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    I understand that the American Girl book talks about puberty and anatomy and not sex. I believe that is what is necessary at this age. This conversation inspired me to talk to my 5 year old while we were on the way home from the store today. I told her girls have a Virgina and boys a penis. I also explained that no one was to touch hers nor was she to touch a boys penis. She said ok and moved on like it went in one ear and out the other. She just is not interested at this point.

    ~Bonita~

  8. #28
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    Quote Originally Posted by freddieflounder101 View Post
    Melis, I was the 2nd grader telling the other kids about intercourse.

    I will never forget it, where I was sitting, even the name of the girl who told me! So funny. And hooray for another late bloomer........I remember telling my Mom that I wanted to get a bra in like 8th grade and she laughed. Ha. Ha. Not funny! Nate also was a late bloomer, he grew like 8 inches his senior year and freshman year of college, we joke that with our gene pool our kids might not hit puberty till they are like 20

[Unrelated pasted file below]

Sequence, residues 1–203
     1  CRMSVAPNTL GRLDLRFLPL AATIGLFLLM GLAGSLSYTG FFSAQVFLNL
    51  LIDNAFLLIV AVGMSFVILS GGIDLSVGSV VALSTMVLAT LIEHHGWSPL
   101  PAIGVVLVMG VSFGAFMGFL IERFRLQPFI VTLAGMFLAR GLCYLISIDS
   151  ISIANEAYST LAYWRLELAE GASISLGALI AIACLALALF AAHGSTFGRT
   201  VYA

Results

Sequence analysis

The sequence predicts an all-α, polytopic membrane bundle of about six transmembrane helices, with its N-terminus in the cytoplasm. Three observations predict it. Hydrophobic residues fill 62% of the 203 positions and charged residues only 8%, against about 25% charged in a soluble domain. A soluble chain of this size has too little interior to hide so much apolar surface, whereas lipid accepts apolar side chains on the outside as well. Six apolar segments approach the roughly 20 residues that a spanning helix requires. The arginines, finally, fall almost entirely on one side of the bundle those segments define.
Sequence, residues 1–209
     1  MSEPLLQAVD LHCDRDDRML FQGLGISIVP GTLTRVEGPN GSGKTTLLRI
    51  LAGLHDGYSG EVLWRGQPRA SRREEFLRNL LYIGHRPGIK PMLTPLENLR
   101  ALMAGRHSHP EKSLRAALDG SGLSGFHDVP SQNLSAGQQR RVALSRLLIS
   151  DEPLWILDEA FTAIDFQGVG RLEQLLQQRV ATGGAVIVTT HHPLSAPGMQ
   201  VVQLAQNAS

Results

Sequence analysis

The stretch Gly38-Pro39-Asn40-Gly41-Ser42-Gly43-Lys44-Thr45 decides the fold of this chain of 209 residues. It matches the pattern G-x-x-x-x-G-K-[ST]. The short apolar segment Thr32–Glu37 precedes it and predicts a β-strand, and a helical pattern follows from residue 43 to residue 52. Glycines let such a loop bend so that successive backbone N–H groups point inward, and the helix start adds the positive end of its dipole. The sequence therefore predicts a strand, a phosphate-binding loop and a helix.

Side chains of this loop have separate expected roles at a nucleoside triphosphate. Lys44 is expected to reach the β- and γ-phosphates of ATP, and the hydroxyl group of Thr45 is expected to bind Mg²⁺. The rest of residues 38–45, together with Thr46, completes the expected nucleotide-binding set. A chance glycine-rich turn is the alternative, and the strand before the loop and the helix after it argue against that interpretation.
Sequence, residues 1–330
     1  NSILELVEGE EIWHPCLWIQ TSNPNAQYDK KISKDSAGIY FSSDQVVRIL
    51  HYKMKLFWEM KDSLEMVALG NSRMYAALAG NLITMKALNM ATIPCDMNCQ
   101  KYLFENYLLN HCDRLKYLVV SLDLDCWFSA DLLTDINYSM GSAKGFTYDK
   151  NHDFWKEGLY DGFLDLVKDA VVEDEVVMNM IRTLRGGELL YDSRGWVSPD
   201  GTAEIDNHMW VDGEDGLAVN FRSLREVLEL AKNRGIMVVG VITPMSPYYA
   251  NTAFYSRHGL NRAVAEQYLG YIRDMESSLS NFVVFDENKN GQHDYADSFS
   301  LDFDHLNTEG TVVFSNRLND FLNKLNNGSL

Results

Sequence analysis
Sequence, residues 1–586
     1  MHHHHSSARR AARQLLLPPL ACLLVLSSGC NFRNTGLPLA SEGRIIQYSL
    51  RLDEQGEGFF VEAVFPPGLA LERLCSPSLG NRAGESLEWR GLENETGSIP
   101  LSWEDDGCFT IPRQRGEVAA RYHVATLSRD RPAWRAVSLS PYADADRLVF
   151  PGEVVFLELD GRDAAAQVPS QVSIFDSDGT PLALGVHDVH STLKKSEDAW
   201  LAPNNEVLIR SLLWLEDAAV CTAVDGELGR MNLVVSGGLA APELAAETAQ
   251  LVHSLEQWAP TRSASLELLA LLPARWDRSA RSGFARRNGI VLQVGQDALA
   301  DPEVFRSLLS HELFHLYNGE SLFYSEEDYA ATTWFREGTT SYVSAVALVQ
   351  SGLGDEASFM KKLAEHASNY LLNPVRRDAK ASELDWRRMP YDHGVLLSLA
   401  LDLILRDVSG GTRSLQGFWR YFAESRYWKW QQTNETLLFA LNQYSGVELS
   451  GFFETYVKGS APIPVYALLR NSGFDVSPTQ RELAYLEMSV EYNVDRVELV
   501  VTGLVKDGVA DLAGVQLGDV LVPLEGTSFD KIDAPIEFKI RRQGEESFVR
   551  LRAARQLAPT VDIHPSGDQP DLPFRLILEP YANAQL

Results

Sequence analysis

9. #29
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    Quote Originally Posted by Potter75 View Post
    I will never forget it, where I was sitting, even the name of the girl who told me! So funny. And hooray for another late bloomer........I remember telling my Mom that I wanted to get a bra in like 8th grade and she laughed. Ha. Ha. Not funny! Nate also was a late bloomer, he grew like 8 inches his senior year and freshman year of college, we joke that with our gene pool our kids might not hit puberty till they are like 20
    I remember it too, only I was the one telling, and the girl I told (whose name I also remember) said in shock, "My parents would NEVER do that!" I told her they had done it at least twice, because she had a brother. Oy!

    And yes, thank goodness my Mom warned me that I'd be a late bloomer. It didn't help me emotionally but at least I knew there was nothing wrong with me. I didn't need a bra in 8th grade either but nature more than made up for that. Both of my parents were late bloomers too. Fortunately Dave was not, so the kids have a chance.
    Laurie, mom to:
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  10. #30
    Posting Addict ClairesMommy's Avatar
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    My mom sat me down for the puberty talk when I was 9 and all I could think was 'just hurry up already so i can get back outside and play.' She was a very early bloomer, about 10 i think, and figured I would be too, but I was going on 14 and it arrived in the middle of the night while I was sleeping over at my bff's house....in her bed. Oopsies